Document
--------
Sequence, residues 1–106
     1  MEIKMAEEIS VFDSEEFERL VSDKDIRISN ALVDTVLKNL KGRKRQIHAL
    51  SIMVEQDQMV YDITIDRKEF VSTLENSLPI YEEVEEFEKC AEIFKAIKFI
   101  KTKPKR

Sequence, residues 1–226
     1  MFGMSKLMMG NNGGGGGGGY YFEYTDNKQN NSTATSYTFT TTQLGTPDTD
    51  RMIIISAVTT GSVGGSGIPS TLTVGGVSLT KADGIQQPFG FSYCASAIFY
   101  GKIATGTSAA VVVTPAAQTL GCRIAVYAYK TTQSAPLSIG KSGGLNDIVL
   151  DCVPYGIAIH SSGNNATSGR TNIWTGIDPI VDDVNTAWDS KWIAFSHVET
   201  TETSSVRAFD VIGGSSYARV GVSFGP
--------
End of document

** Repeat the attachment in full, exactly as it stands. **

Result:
Sequence, residues 1–106
     1  MEIKMAEEIS VFDSEEFERL VSDKDIRISN ALVDTVLKNL KGRKRQIHAL
    51  SIMVEQDQMV YDITIDRKEF VSTLENSLPI YEEVEEFEKC AEIFKAIKFI
   101  KTKPKR

Sequence, residues 1–226
     1  MFGMSKLMMG NNGGGGGGGY YFEYTDNKQN NSTATSYTFT TTQLGTPDTD
    51  RMIIISAVTT GSVGGSGIPS TLTVGGVSLT KADGIQQPFG FSYCASAIFY
   101  GKIATGTSAA VVVTPAAQTL GCRIAVYAYK TTQSAPLSIG KSGGLNDIVL
   151  DCVPYGIAIH SSGNNATSGR TNIWTGIDPI VDDVNTAWDS KWIAFSHVET
   201  TETSSVRAFD VIGGSSYARV GVSFGP